Government Bans Texting By Truck and Bus Drivers

 

 
January 26, 2010, 6:00 am
 
 
By MATT RICHTEL
 
The Department of Transportation plans to announce new rules Tuesday that will prohibit interstate commercial truckers and bus drivers from sending text messages while they are operating moving vehicles.
 
Truckers and bus drivers who violate the rules, which are effective immediately, face civil or criminal fines of up to $2,750.
 
The rules stem from a broader effort by the Transportation Department to reduce distracted driving. At a summit on the subject that the agency held in October, Transportation Secretary Ray LaHood pledged to crack down on distracted driving by truckers and bus drivers and establish rules governing not just their use of phones and other devices to text and talk, but also the use of computers mounted on dashboards that are used to communicate with dispatchers.
 
Truckers acknowledged in an article published just prior to the summit that they regularly use those computers while driving, even though some trucking companies discourage them from doing so. Research shows that such multitasking greatly increases the risk of a crash.
 
The Department of Transportation said that it is still working on additional regulations that would govern the use of such computers by truckers, as well as when truckers are allowed to use cellphones for conversation.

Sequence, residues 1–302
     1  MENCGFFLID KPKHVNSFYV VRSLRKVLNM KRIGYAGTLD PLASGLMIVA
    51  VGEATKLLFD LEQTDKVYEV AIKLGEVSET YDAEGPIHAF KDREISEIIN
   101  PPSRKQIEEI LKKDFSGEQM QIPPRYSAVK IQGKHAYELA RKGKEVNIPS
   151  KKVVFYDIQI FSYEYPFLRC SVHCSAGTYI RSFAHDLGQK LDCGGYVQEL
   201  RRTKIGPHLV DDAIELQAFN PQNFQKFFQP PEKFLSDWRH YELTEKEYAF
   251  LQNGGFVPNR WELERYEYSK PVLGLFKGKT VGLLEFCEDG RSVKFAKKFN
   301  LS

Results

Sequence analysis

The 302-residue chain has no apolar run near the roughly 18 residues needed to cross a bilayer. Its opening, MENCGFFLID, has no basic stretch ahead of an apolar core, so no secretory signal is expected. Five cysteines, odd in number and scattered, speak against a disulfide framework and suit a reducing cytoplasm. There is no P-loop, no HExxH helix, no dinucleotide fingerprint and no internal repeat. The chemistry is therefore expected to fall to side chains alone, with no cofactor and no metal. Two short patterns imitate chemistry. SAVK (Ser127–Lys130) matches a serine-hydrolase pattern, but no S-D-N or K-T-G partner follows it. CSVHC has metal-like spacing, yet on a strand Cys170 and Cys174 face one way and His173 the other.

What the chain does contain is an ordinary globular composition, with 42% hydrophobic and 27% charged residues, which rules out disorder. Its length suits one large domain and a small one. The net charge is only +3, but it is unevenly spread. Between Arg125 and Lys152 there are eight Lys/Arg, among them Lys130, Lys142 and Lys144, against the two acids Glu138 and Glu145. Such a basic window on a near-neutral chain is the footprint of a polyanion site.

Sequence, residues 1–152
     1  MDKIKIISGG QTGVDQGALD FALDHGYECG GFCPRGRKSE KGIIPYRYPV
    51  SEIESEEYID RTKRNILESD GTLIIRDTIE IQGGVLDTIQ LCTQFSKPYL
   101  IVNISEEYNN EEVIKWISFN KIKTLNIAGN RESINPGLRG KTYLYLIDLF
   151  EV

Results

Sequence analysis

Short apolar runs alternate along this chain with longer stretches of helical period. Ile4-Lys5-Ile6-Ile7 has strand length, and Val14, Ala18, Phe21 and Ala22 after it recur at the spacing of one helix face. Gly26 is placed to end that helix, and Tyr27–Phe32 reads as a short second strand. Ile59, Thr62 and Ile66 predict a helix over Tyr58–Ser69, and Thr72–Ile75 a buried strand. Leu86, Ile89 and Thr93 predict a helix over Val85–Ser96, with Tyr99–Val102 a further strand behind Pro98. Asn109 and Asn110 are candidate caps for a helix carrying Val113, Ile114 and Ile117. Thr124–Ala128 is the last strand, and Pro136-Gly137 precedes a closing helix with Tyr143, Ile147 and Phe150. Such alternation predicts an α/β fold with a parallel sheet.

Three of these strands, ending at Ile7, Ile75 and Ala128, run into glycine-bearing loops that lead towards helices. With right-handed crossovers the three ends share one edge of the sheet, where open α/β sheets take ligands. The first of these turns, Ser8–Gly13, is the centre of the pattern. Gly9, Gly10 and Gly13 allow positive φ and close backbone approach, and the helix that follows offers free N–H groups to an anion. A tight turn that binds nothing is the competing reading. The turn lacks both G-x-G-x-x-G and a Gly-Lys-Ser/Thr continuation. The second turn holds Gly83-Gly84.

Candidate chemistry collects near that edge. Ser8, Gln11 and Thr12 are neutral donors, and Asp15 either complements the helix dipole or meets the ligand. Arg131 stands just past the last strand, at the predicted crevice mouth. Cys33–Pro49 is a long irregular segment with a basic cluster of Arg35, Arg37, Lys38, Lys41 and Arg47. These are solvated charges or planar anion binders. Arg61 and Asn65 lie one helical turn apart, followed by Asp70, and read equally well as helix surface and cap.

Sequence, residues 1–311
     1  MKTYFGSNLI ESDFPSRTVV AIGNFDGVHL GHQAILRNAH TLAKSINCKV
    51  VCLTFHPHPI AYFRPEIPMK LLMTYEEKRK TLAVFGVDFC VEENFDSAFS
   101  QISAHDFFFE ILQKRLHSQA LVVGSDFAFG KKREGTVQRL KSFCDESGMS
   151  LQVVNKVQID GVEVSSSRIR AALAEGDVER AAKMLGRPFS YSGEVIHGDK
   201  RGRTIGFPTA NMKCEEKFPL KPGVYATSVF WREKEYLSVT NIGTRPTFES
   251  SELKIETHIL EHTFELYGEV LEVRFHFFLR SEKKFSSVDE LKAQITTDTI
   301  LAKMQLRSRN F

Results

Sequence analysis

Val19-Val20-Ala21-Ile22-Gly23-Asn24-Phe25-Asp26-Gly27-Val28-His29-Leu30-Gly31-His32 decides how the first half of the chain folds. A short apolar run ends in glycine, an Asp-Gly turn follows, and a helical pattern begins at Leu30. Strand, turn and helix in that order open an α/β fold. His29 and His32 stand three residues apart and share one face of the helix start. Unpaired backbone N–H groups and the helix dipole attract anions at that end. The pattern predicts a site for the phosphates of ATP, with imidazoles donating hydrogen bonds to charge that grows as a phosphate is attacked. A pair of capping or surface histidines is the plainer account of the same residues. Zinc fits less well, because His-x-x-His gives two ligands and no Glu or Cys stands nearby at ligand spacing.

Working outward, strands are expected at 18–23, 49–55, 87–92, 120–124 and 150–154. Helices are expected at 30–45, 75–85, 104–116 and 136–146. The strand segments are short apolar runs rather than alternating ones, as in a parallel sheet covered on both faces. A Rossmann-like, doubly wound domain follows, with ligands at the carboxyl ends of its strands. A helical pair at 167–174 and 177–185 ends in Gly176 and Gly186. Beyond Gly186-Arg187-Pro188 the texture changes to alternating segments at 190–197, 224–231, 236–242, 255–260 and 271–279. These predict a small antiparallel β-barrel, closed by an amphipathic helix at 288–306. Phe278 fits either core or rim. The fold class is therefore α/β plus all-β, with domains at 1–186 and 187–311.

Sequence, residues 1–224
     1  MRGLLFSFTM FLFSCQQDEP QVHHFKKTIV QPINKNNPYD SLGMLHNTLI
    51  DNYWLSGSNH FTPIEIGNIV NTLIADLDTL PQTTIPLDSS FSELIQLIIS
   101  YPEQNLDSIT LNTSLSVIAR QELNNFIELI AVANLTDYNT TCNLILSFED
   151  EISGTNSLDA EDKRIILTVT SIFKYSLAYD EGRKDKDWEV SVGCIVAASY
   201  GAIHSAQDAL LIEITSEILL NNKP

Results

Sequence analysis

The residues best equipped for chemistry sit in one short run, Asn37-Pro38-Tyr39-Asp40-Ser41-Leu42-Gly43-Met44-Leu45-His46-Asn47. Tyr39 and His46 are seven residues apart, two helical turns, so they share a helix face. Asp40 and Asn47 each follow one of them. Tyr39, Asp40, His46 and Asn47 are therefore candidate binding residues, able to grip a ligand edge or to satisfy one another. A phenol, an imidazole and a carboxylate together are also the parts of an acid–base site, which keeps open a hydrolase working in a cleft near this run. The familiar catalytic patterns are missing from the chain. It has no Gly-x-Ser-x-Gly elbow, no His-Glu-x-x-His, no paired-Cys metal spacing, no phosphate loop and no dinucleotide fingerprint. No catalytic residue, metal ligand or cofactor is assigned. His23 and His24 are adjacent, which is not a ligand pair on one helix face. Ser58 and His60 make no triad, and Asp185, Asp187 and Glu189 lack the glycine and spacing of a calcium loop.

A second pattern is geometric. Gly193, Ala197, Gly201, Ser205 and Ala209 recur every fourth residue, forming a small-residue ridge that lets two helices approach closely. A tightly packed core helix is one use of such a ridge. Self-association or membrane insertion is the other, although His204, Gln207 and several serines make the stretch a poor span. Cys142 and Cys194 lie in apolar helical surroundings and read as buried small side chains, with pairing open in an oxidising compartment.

But the federal agency said that it wanted to start by issuing regulations banning texting. It noted that research shows that texting motorists take their eyes from the road for nearly five seconds, enough time to cover a football field at highway speeds. Research from the Virginia Tech Transportation Institute shows that truckers who text are 23 times more likely to get into a crash or near-crash than truckers not texting.
 
“We want the drivers of big rigs and buses and those who share the road with them to be safe,” Secretary LaHood said in a news release. “This is an important safety step and we will be taking more to eliminate the threat of distracted driving.”
 
Safety advocates praised the new regulations and said they hope that more safety measures are forthcoming for trucks and buses.
 
Jackie Gillan, vice president of Advocates for Highway Safety, a nonprofit group that last September petitioned the transportation agency to ban truckers from texting and using their on-board computers while operating a moving vehicle, called Tuesday’s ban “a welcomed first step.”
 
“Is it everything we want? No,” Ms. Gillan said. “But it’s a good first step, absolutely.”

 

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